Trace fossils exposed on a bedding cross-section include cross- A. Cartoon of sea-floor sand and mud containing numerous tracks and sections of vertical or inclined sand-filled burrows (white burrows. B. Same block of sediment after compaction, lithification, and arrow), horizontal filled tubes (yellow arrow), and disrupted erosion down to the top of a sandstone bed. Note the different aspect of strata where an animal passed through the sediment traces in the bedding-plan and cross-section views. disrupting the layering (red arrows).
2 Distinctive trace fossils in the Carmelo Formation
Much of the evidence for life on and below the ancient Carmelo sea floor occurs in the form of disrupted stratification and obscure patterns in the rock (“bioturbation”) made by the organisms some 50 million years ago. Several traces, however, common and distinctive distinctive .
Large sand-filled tubes (Thallasinoides or Planolites) are common traces in the Carmelo; they represent open dwellings in the mud that later became filled with sand. Most are horizontal (parallel to bedding), or nearly so. Commonly the tubes are branched, indicating that the burrows were part of a complex network. Burrowing shrimp and crabs make similar burrows in the sediment today.
Some tubes have an internal structure that looks like a stacked set of the letter “U” within the burrow. These are made as the animal packs sand and mud into the burrow behind it; Horizontal network of sand-filled tubes seen on a bedding plane the “U” opens in the direction the animal was moving. surface at Weston Beach (Thalasinoides). The circular feature just off back end of the pen is a cross-section of a vertical burrow.
Sand-filled tubes on a bedding plane surface at Weston Beach (Thalasinoides or Planolites). Note that two of the burros display branching, as well as “U” shaped structure in the filling
3 Pellet-lined tubes (Ophiomorpha) are common traces in the Carmelo, where they can be vertical, horizontal , or inclined. Many have an internal structure that looks like a stacked set of the letter “U” within the burrow. These are made as the animal packs sand and mud into the burrow behind it; the “U” opens in the direction the animal was moving. Lining burrow walls with pellets is done today by ghost shrimp on the East Coast to keep the sand from collapsing into the burrow. A similar, deepwater shrimp may have made these burrows.
Tiny white branching traces (Chondrites) These small traces are very common, particularly in the darker mudstone layers. They appear as small white flecks, that, if examined closely, can be seen to be branch. They are the only burrow that is lined by calcium carbonate (calcite), the principle mineral in oyster shells and chalk. The organism that produces the burrows is unknown, but they are common in deep-water mudstones of many ages all around Horizontal burrow lined with mud pellets, on sandstone bed surface. the world. It is generally thought that they are produced in environments low in oxygen, which is consistent with their occurrence in darker mudstones within the Carmelo Formation. These are dark because they have a high content of organic matter, the decay of which tends to exhaust the oxygen in the mud beneath the seafloor, where the trace forms.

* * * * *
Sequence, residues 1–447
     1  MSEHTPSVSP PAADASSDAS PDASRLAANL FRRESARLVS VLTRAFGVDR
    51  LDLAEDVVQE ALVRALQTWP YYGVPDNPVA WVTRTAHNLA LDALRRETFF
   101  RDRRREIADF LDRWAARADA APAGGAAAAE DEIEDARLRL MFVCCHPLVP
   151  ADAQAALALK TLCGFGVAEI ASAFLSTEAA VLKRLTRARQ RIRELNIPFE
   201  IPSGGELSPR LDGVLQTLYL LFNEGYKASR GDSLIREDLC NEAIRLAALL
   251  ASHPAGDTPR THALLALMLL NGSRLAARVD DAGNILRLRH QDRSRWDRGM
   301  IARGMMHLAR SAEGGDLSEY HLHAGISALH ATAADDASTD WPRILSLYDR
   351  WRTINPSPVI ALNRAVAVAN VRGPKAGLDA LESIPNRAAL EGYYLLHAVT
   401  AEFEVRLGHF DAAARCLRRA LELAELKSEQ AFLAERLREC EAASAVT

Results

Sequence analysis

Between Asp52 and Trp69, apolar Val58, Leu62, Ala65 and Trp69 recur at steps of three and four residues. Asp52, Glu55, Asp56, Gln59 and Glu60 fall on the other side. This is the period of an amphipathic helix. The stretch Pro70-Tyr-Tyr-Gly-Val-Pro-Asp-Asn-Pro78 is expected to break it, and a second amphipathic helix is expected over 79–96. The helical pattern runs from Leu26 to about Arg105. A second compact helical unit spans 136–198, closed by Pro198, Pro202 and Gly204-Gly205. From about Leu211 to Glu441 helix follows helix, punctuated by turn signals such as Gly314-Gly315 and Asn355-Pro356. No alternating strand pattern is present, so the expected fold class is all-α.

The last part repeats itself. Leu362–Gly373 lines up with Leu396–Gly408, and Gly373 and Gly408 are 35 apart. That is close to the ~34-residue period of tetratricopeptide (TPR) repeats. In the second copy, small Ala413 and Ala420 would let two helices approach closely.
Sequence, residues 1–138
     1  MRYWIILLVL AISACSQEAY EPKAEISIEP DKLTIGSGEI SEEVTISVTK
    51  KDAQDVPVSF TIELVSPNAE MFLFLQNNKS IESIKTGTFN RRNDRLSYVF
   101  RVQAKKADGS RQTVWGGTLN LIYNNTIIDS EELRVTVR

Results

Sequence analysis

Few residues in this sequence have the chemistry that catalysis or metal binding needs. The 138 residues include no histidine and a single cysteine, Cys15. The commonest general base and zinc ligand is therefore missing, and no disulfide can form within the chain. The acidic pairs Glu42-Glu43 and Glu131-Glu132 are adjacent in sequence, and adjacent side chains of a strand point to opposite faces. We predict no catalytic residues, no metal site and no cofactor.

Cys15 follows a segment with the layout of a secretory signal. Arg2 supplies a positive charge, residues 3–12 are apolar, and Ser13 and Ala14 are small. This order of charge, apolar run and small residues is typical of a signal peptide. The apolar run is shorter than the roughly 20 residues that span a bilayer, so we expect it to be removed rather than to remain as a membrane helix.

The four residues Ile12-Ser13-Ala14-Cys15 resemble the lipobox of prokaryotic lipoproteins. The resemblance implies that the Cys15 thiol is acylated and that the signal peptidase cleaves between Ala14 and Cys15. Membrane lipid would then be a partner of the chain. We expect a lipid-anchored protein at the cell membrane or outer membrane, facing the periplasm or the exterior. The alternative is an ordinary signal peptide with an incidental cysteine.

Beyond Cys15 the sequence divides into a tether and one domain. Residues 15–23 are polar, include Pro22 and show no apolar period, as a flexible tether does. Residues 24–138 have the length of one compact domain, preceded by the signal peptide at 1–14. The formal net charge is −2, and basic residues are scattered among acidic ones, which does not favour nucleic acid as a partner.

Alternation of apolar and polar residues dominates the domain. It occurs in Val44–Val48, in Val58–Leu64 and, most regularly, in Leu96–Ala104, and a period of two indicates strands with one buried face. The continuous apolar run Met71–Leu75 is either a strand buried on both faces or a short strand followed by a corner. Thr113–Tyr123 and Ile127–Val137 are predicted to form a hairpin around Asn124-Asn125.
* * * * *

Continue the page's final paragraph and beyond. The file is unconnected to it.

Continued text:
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Tiny, calcium carbonate-lined. branching tubes created by an unknown organism.
4 Clusters of Little mud-filled blebs (Phycosiphon?) are common in fine-grained thin-bedded sandstones in the Carmelo Formation. The small circular or oval blebs of mud appear to be cross-sections of steeply inclined mud- filled traces. The few elongate blebs of mud within the clusters are probably nearly horizontal slices through a trace.
On close inspection, the mud blebs are enclosed by subtle halos of sandstone lighter in color than the rest of the rock. This trace may represent the feeding pattern of a small polychaete or other worm that extracted and ingested clay-size particles from the sand and passed them through its gut, producing a small dark sinuous tube Each cluster may represent the feeding area of a single worm.